Farabi Fakih - The Political Ideas of Tjipto Mangoenkoesoemo and Noto Soeroto
The study focuses on the nationalist and political ideas of two Indonesian intellectuals of the early twentieth century, Tjipto Mangoenkoesoemo and Noto Soeroto. Both were active within their respective movements and wrote during a period of heightened political awareness. Tjipto was an Indiër Nationalist and advocated an Indiër nation that was multiracial. Noto Soeroto was a Javanese Nationalist and advocated the concept of a Javanese nation. Both were Javanese and used and celebrated Javanese culture and history to express their respective political ideas. Both were tragic figures in a sense that their ideas of the coming nation-state were eventually rejected.
The study also shows the extent to which the concept of Java was the result of colonial encounter, as Western scientists began to collect the cultural and historical knowledge of the island and select and arrange an image of the Javanese that conformed to their own needs. New, Dutch-speaking educated Javanese of the twentieth century and their way of looking at themselves was a product of this colonial encounter. This colonial idea of Java resulted in a reification of a Hindu-Buddhist golden age and an unfavorable view of the Islamic present; it also resulted in a heightened awareness of India’s political conditions and possibilities. The issue of race and the Javanese past became a central theme of political discussion, as the long, dead Aryan-Indian became subject of debate and legitimacy.
Yet they were also agents who actively used the images of Java and selected a myriad of new ideas entering into the Indies during the period to create arguments for political autonomy and racial equality. The theosophical movement which had spread to South Asia also spread to Indonesia, as many Javanese leaders accepted its claims with alacrity. This spiritual/political movement would not have been as successful had it not been strengthened through the ‘connection’ of Java with India. This occultist movement which promoted the unity of a materialist west and a spiritualist east was eagerly grabbed at by Javanese nationalists to legitimize their political position vis-à-vis the colonial state and other indigenous movements, such as Islam and the left. Another important ideology that entered the colony in the early 1910s was socialism. Just like theosophy, Javanese socialists, like Tjipto, engaged in the debate over Java’s history and culture. In the case of Tjipto, images of the past were repositioned and subverted to conform to his leftist ideals. The study wants to show the extent to which Java’s past and culture was politicized during this period. This politicization would have ramifications long after independence, especially during Soeharto’s New Order period.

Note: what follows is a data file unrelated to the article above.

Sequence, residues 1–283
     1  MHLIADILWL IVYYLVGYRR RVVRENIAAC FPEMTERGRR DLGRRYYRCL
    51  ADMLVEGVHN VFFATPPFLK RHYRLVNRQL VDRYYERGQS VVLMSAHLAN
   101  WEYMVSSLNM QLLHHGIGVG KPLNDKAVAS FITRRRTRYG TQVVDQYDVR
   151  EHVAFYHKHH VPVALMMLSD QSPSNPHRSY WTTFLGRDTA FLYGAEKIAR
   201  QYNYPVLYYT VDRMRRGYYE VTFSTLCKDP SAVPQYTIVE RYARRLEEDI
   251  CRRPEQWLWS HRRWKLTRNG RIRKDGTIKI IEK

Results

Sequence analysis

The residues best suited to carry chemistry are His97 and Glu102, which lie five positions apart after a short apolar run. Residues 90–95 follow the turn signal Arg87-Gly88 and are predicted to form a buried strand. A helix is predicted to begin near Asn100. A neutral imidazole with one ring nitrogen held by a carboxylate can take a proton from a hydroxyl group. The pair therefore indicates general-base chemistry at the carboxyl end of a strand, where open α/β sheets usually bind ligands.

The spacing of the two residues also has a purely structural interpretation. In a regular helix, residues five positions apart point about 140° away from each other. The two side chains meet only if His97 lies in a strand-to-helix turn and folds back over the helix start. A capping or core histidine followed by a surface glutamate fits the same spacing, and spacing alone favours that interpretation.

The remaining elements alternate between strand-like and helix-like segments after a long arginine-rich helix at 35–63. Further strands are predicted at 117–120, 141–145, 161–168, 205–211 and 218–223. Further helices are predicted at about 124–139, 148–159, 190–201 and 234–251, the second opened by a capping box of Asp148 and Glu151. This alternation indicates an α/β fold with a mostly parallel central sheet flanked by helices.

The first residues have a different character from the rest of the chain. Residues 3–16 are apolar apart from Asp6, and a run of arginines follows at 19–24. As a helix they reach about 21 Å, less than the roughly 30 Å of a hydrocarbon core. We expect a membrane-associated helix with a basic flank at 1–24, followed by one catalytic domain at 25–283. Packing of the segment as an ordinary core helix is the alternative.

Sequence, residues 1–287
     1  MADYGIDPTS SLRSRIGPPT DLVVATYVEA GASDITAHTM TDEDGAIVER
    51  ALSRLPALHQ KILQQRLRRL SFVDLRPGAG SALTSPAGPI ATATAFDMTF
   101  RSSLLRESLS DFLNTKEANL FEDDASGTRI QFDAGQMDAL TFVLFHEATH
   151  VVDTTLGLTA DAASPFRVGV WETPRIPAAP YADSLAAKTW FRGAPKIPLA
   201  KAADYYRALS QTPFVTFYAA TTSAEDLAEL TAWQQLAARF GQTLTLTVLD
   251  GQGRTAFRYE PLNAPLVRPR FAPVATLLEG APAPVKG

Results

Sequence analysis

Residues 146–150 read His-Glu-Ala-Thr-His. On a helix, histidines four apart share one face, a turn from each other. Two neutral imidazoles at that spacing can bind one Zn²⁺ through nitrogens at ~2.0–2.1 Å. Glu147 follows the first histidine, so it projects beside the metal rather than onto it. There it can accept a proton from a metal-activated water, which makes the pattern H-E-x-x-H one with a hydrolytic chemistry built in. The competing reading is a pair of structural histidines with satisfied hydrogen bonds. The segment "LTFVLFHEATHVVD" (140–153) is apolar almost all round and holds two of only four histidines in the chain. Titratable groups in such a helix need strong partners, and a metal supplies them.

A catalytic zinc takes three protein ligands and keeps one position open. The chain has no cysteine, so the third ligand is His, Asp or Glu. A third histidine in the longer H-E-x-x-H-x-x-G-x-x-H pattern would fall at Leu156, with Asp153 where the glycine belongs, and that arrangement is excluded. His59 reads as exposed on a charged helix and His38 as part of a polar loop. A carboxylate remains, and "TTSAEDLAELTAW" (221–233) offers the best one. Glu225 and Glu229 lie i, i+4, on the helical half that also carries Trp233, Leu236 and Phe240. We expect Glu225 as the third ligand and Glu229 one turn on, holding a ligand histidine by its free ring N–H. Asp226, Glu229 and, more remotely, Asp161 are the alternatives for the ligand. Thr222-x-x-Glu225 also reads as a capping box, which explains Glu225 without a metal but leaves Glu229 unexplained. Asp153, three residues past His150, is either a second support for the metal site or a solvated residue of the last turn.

Farabi has graduated for his Research MA degree in 2009.